SoGlos talks to David Jones, managing director and head of planning services at Evans Jones to discover how the build will set an important example for future school projects in Gloucestershire and beyond, talking all things green with the project’s lead planning consultant, Evans Jones.

What does zero carbon mean, and how it is different from carbon neutral?

Zero carbon means cutting greenhouse gas emissions, especially carbon dioxide, to be as close to zero as possible. This involves any action that removes as much carbon in the atmosphere as is put into it – for instance, a building with solar panels that sends an equal amount of renewable energy to the grid as is taken out is net zero.

Zero carbon and carbon neutral are often used as interchangeable terms by commentators promoting sustainable developments. And while both are achieving similar goals, a building could be zero carbon by ensuring that it doesn’t utilise fossil fuels and all electricity supplied is from a 100 per cent renewable energy supplier.

By contrast, carbon neutral is where there is a balance between emissions generated and the degree to which they are offset, making the overall net emissions zero.

When we talk about zero carbon in relation to buildings, we are looking specifically at the fixed building services that use energy and will last a large proportion of the building’s lifespan. For example, heated systems, like boilers; hot water provision; internal lighting systems; fans and ventilation; and pumps for moving heating and water around a building.

What will make the new High School Leckhampton zero carbon?

The High School Leckhampton, as consented earlier this year, already proposed a high efficiency building with improvements upon standard building regulations in excess of 30 per cent.

However, after Gloucestershire County Council reaffirmed its commitment to be net zero by 2030 – and deliver a carbon neutral county by 2050 – the design team were tasked with reconfiguring the consented school to provide an exemplar for other school projects in Gloucestershire.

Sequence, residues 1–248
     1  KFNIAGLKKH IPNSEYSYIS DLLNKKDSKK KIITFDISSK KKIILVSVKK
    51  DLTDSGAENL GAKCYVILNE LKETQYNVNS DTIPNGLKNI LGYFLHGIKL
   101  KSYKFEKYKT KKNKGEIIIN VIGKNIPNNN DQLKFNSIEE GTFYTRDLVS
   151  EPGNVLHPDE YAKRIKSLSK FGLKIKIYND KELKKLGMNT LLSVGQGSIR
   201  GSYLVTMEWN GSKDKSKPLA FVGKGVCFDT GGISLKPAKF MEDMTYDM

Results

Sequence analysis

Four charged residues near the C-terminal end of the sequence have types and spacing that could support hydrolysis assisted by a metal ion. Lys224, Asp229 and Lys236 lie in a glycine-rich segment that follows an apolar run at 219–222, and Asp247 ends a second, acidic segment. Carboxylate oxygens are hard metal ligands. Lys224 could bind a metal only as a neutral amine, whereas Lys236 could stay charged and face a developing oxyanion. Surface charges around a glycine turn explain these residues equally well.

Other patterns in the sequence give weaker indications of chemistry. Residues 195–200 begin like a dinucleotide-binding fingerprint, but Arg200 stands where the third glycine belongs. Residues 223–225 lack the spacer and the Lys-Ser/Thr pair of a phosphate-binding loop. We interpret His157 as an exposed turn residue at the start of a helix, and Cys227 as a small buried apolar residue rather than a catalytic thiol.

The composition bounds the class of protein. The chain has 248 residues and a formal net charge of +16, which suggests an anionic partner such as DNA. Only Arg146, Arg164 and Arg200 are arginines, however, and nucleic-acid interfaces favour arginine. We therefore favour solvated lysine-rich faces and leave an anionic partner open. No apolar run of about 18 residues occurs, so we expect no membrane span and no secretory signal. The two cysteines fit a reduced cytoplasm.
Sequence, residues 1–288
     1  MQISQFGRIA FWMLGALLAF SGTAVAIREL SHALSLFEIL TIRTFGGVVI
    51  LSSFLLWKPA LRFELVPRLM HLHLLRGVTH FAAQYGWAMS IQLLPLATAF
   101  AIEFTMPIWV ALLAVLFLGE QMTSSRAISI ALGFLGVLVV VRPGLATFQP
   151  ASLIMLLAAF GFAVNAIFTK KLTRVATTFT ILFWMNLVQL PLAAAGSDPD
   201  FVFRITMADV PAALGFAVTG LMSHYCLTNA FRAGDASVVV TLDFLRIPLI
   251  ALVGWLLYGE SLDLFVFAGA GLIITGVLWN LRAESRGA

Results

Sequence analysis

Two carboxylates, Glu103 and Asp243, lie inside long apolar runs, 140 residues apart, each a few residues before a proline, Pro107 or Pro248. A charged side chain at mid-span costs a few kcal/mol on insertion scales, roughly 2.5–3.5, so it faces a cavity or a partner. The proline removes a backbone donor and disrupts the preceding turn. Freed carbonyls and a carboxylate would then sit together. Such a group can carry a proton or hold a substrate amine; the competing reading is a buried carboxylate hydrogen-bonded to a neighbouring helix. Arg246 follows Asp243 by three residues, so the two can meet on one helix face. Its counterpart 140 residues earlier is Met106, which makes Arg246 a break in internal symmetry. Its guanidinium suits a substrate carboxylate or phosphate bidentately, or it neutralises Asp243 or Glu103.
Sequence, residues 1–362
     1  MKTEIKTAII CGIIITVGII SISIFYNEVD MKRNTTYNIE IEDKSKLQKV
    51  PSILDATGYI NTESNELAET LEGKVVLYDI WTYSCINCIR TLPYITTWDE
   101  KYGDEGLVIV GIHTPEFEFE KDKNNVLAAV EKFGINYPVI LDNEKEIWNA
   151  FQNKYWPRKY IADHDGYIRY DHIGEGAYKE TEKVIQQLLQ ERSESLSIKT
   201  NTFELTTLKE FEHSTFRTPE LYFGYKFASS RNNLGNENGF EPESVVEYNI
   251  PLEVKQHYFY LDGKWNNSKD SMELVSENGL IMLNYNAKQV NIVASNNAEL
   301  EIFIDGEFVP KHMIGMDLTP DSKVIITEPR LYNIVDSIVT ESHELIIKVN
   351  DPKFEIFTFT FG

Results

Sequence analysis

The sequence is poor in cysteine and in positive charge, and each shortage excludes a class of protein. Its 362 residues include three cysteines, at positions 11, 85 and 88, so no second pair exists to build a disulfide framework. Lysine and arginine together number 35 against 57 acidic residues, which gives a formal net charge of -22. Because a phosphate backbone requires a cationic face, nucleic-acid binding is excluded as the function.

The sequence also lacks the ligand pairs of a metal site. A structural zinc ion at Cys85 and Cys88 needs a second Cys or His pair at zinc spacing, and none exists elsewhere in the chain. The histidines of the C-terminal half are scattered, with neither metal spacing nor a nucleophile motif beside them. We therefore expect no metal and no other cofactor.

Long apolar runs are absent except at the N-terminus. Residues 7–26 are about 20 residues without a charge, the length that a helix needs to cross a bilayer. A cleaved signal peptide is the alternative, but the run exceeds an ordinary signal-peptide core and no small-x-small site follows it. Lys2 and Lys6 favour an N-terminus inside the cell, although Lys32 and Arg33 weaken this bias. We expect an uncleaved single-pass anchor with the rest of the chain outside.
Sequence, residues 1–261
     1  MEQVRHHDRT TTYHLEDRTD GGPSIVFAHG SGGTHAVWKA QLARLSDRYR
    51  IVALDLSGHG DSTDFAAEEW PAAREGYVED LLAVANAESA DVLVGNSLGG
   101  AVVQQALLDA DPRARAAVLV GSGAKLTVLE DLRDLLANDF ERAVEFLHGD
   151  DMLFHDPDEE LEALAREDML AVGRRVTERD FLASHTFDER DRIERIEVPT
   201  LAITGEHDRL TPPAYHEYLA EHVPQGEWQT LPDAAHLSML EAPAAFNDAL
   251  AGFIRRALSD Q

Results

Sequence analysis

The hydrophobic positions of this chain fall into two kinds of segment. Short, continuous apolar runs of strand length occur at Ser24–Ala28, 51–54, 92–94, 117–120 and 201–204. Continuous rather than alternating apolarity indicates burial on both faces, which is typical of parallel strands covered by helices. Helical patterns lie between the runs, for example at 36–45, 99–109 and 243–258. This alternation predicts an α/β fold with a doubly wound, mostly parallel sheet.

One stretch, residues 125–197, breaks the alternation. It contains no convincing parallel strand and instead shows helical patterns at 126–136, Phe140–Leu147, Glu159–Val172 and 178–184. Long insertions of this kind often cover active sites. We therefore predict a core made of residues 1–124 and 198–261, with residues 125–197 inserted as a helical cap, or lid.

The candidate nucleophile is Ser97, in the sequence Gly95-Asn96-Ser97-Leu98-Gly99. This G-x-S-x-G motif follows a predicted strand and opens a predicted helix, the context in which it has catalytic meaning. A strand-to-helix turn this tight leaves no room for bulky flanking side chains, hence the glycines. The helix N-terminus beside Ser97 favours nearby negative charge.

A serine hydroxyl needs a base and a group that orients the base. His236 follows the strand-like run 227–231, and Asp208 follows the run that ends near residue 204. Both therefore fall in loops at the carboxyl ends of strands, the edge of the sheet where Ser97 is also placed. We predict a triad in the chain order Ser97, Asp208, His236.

A revised planning application was submitted in August 2020, delivering upon the county council’s commitment by providing a whole roof photovoltaic solution – which, if consented, will deliver the first carbon neutral school in the county.

How can the education sector, as well as students and parents, benefit from zero carbon schools?

The benefits from moving towards a zero-carbon economy will impact us all – and students have been at the forefront of climate change protests, calling upon governments and decision makers to address the issue.

Those commissioning new buildings, or altering existing ones, both within the public and private sector are very aware of the responsibility they have to ensure that buildings deliver upon the carbon neutral agenda. Investing in education now provides the best chance of meeting long-term commitments to deliver a cleaner and sustainable planet.

Promoting carbon neutral buildings is also seen by some as an educational tool, engendering responsible behaviour in younger members of society. After all, if our schoolchildren are taught in inefficient, poorly insulated and carbon-producing buildings, then how can we expect the decision makers and designers of the future to embrace an agenda seeking carbon neutrality?

Can you describe Evans Jones’s role in the development? What planning work has been done to ensure the school will be zero carbon?